Now I am not sure if the lost mask was prescription, but there was some surprise at the leg tapping to point out some pretty massive shoals of Barracuda, or over half dozen lobsters that were poking out of several crevices, some in twos and threes. Gazing intently at barnacles or enigmatically into middle distance was suspect. The bottom at Dollos is flat at around 15 metres with rippled sand and a silty bottom. Swimming in at 330 degrees you hit boulders before the dam wall at around 12-13 metres. Further in at depths between 11 and 8 metres are the dollos. The stonework has a pink covering, lots of barnacles and urchins. With there being a lot of crannies, there are a few swimming and scuttling critters. Visibility was about 1-2 metres deeper and improved above 10 metres to around 3-5 metres. After a swim about and some pictures, we headed back to the boat.
Staggered waves had began again and we watched a shadow of the earlier faffing eventually plop in for dive two. Several of the waves has failed to see the amount of lobster or Barracuda we did, having turned left at the wall. Right was right on this occasion. During the off-gassing and sandwiches, our DM was able to renew his search for his mask. I was neatly packed inside his dive bag. By the great trousers of Zeus, heaven forbid if anyone else lost kit, when in fact they hadn’t… Is my attempt at suspense and twist and turns of this thriller transparent and lame?
Wave two was largely uneventful, if only a little restrictive on time for the last wave. Luckily the dive lacked the excitement of the first, having foolishly turned left for variety. One lobster. I did see a large butterfly fish, but my buddy was too slow and explaining that it had swam off with hand signals was difficult. We ended up seeing if there really was a gap and way through the Dollos. Mostly yes, but there was a bit of beep, beep reverse required for us and I understand two earlier divers. The dive was shortened, due to lack of interest and we surfaced to enjoy the day and a massive surface swim.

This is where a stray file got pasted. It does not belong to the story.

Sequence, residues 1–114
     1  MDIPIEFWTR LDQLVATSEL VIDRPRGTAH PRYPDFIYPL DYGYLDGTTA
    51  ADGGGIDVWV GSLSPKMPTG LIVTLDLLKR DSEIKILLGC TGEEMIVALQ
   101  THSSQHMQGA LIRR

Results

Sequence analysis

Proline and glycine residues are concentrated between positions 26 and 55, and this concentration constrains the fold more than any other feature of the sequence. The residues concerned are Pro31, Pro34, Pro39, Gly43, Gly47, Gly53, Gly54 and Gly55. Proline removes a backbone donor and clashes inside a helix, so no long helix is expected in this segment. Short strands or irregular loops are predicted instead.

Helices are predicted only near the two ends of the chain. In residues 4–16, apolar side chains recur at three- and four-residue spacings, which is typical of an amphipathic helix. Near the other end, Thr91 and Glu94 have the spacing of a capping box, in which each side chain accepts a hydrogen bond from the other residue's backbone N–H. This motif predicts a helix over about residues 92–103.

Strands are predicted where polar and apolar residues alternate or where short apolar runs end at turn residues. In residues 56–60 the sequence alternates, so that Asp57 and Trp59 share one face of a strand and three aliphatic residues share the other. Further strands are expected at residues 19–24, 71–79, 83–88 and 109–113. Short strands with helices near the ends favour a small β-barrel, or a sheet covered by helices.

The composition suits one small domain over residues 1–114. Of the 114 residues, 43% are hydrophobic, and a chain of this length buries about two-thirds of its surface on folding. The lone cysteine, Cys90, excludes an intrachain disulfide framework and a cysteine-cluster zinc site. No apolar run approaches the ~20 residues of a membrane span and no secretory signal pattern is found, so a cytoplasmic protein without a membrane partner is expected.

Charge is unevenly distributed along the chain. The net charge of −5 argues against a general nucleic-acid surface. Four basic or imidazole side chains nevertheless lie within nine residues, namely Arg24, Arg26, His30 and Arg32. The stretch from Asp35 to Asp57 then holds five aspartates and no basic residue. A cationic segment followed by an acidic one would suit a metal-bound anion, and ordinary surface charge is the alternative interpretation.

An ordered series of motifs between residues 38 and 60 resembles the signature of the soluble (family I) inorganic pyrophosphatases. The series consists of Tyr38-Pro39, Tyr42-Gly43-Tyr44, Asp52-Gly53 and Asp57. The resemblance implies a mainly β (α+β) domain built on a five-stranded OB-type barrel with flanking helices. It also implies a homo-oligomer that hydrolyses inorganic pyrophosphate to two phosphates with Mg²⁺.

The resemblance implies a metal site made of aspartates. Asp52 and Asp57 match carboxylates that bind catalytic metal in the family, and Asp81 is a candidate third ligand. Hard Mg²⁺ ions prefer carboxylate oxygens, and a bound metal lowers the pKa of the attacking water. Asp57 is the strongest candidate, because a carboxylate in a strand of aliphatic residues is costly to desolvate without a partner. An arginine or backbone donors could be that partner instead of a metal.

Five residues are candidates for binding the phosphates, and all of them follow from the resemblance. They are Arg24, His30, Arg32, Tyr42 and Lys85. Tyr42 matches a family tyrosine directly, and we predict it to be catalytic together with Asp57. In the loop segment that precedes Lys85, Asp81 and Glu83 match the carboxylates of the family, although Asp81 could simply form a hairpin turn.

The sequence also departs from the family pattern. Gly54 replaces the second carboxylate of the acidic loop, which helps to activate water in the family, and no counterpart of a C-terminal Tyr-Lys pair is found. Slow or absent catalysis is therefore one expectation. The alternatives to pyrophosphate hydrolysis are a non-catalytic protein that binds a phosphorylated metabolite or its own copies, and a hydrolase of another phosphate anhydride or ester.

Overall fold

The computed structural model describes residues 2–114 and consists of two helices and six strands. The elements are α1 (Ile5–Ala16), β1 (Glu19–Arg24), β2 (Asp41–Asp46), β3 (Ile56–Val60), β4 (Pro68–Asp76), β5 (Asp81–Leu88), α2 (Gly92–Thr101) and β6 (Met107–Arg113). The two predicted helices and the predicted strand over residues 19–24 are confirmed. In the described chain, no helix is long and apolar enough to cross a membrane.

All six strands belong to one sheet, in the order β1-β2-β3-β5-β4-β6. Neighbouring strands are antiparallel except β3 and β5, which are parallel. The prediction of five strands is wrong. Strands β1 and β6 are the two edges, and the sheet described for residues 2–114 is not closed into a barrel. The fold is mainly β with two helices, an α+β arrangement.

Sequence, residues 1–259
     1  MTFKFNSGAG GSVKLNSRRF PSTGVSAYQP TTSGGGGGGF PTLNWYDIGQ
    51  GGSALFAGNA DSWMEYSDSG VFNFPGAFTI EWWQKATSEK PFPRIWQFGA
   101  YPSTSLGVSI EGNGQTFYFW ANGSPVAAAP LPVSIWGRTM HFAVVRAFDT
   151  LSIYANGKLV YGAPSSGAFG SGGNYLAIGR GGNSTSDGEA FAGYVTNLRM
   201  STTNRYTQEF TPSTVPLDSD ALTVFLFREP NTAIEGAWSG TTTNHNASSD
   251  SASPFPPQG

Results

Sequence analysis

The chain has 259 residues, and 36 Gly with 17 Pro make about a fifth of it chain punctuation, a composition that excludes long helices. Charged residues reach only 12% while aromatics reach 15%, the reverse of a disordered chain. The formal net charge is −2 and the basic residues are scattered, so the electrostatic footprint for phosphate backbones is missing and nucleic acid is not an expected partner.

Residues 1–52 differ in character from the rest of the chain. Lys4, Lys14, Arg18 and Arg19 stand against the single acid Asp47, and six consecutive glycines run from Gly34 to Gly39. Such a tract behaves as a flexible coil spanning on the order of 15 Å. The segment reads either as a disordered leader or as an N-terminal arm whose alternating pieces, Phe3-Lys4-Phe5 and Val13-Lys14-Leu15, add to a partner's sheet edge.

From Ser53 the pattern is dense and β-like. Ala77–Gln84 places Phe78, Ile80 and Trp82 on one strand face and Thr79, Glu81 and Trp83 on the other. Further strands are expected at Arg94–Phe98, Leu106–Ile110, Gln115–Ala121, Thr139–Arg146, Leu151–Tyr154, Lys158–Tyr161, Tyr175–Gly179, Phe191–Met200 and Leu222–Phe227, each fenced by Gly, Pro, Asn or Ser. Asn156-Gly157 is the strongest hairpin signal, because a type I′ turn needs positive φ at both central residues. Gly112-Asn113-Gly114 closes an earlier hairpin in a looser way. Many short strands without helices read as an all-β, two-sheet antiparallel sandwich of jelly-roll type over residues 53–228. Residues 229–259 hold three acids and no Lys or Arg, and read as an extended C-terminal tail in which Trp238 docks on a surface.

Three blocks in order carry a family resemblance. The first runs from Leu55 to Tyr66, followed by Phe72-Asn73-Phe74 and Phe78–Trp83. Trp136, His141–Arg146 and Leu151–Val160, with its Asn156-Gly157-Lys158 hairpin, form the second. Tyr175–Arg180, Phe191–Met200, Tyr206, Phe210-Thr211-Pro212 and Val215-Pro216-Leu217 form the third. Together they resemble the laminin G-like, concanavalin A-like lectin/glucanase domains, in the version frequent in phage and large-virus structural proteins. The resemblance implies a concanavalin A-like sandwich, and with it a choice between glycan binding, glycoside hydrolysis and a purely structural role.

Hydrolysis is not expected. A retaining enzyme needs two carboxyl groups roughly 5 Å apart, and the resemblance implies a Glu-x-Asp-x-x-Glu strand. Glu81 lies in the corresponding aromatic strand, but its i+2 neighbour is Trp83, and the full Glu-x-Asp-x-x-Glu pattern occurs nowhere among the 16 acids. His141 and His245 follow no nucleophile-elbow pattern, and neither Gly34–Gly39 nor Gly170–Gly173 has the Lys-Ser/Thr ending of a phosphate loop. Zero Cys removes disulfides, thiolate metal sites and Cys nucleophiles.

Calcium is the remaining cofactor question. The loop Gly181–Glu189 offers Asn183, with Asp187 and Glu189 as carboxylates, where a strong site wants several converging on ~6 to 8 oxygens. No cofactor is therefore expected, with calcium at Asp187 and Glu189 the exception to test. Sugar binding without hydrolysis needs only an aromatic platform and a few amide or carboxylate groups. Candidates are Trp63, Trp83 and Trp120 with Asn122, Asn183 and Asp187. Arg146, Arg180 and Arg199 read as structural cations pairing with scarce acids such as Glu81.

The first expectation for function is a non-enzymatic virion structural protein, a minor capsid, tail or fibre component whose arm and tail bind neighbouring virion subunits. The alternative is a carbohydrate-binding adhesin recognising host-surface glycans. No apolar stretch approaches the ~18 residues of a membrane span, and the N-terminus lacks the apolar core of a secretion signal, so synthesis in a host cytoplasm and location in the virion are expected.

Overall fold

Back on the boat and we zoomed round to Pak Lap to return tanks. Just enough time to pack or possibly some faff practice. At some point sinore Lamborghini announced that his brand new Perdix was missing. Holy Pants. This involved some surly looking about and kit lifting to no avail. But St. Brendan, Neptune and all the gods were kind all day and it turned up. “I forgot I gave it to you for safe keeping darling”. “Vous stupide saucisse”. The skipper turned on the taps and we headed back at a 22 knot clip. (That’s silly sausage in Spanish I think).
Not wanting to arrive too early and to manage an extra beer, we diverted to Middle Island to allow some packing. This appeared to take around 5 minutes with little faff, but meant 25 minutes left over to mock anyone who could not drink. We still managed to get back to the ABC from Dollos by 1630, even with dropping tanks and a diversion for mockery. It was a good days diving.
Thanks to everyone for another great day out. I will not name anyone, but you can add comments at the end of any blog. Obviously putting “it was Belshaw” at the end of any dive blog will drive up your scores, but there are several points on offer for the observant in all things stupido. Finally a big thanks to our DM for the day who made it difficult for himself and made it happen in spite of himself.
Reef checks and Belshaws “dive of the century” are coming soon. I am corrected “Dive of the millennium”. Sign up now to guarantee disappointment.